WINTERHEARTH – Northern Exposure
May 28, 2017, a year ago
From the remote, frozen confines of St. John’s, Newfoundland, doom-laden, blackened thrash trio Winterhearth takes full advantage of its geographic location.
Located at the furthest point north east in the Atlantic Ocean, Newfoundland gets fucking cold in the winter, with winds whipping up to at least 60 km/h. The coldness and isolation of its surroundings gives Winterhearth ample ammunition for the band’s lyrical and musical content.
On its sophomore album, Resettlement (released August 25th, 2016), Winterhearth — featuring vocalist/guitarist Andrew Marsh, bassist Robbie Butler and new drummer Brad Ivany — assault the listener with 13 expansive, bloodthirsty tracks.
“Myself and the bass player Robbie grew up in a small town called Bonavista,” Marsh said. “It’s a three and a half hour drive away from St. John’s and there’s lots of isolation and it’s basically one big marsh surrounded by woods. That plays a big role on my mood; the crazy atmosphere of the music, the feel and the structure of the songs.”
With Resettlement, Winterhearth has created some extreme metal that runs deeper than the standard blackened thrash moniker, as it contains huge swaths of doom and stoner rock influences.
“I love all genres of metal and I love all styles of music,” Marsh enthused. “I love a lot of doom and stoner metal and I’m a huge fan of Trouble, Witchfinder General and Cathedral. I grew up on a lot of Sodom and Kreator, too. But when it comes to riffs, my No. 1 guitar hero when I was a kid was Dave Mustaine; the way he played and how he attacked it. I like guys who put a lot of effort into their riffs where they stick into your head just as easy as the melody line.”
Upon first listen to “Cultural Genocide” — just one of the standout tracks on Resettlement — you’ll immediately be hooked by the band’s hypnotic melodies, swirling, reverb-laden guitar leads and groove-infested riffs. And when it comes to Marsh’s anguished, raspy bark, he duly gives props to Mayhem vocalist Dead.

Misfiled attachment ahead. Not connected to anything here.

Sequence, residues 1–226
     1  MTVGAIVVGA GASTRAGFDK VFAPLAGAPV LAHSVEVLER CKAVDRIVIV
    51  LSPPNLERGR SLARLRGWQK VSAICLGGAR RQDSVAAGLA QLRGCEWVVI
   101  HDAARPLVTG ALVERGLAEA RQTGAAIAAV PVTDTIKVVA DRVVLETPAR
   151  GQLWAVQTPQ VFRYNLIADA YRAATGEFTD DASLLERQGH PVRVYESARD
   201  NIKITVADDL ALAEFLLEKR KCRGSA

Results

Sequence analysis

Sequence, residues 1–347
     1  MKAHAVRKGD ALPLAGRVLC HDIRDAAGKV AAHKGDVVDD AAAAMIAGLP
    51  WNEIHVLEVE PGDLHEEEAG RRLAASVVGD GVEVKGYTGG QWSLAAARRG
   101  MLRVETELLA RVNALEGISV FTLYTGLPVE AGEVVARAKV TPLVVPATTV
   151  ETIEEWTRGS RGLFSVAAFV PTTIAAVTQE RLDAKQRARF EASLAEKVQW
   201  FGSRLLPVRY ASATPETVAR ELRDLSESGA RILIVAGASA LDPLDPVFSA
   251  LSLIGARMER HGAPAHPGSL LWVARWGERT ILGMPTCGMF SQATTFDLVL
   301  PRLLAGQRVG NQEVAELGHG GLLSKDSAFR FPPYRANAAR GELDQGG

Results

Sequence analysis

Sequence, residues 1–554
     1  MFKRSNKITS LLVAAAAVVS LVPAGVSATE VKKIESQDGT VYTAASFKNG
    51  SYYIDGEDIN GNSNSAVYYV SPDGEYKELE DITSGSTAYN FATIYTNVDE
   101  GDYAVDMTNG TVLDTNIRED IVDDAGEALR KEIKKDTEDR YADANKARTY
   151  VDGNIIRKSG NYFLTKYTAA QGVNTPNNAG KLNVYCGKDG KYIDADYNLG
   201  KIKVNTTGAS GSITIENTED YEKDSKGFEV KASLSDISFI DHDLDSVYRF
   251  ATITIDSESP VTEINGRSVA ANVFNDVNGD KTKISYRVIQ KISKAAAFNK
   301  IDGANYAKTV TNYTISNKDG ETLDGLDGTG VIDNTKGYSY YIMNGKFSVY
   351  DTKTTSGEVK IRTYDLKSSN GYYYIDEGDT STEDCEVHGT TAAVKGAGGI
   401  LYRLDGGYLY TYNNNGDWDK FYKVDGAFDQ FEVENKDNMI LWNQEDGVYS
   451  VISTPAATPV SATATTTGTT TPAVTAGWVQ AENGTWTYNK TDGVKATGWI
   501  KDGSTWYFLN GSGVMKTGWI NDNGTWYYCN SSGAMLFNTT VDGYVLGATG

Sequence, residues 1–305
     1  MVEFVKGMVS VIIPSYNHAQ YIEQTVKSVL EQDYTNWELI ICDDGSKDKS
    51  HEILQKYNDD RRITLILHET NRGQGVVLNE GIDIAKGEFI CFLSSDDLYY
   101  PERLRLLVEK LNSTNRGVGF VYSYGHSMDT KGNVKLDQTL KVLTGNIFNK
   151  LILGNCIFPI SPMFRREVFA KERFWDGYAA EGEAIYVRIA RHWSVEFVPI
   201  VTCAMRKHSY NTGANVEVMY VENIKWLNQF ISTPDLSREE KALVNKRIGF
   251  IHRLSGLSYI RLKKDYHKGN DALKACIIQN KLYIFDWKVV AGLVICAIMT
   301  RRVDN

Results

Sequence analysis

“That Live In Leizig album is amazing hearing how Dead sings ‘Freezing Moon’ and ‘Funeral Fog’,” Marsh enthused. “Another massive (influence) would be Jeff Walker from Carcass. In the early stages of developing my vocals, I couldn’t be a Chris Barnes per se, I couldn’t go that low. I remember when I was 15 I heard a demo tape of the band Morbid, which Dead was in before Mayhem. I heard December Moon and I said, ’That’s who I want to be like.’”
For a band such as Winterhearth, its location can work against them. As most Canadian’s already know, this country’s general land mass is the second largest in the world next to Russia. So traveling, especially in the winter, puts a damper on an underground band such as Winterhearth.
However, the band will be appearing at the Maritime Metal & Hard Rock Festival 5 in Windsor, Nova Scotia on July 28th-29th with headlining act SkullFist. As the only band at the festival that is represented from Newfoundland, Marsh & Co. are eager to get the Winterhearth engine rolling.
“It’s going to be our first gig off the island, which is another stepping stone to our goals in life,” Marsh said. “It can get frustrating when you’re stuck on an island and figuring out the financial aspects of going on tour. It’s bad enough when the weather is known not to be nice here. We are very excited to play to some new fans, meet some new bands, make lots of new friends and contacts.”
Winterhearth has been plugging away on the Newfoundland music scene for a decade now, and the band is still determined to grind it out.
“Whatever you want to do in your life — if you want to start your own retail store, or any business — there’s always ups and there’s always downs,” Marsh concluded. “And the downs get pretty bad! But once you get past those bad’s and realize the difference, you keep going. You just do what you believe is right.”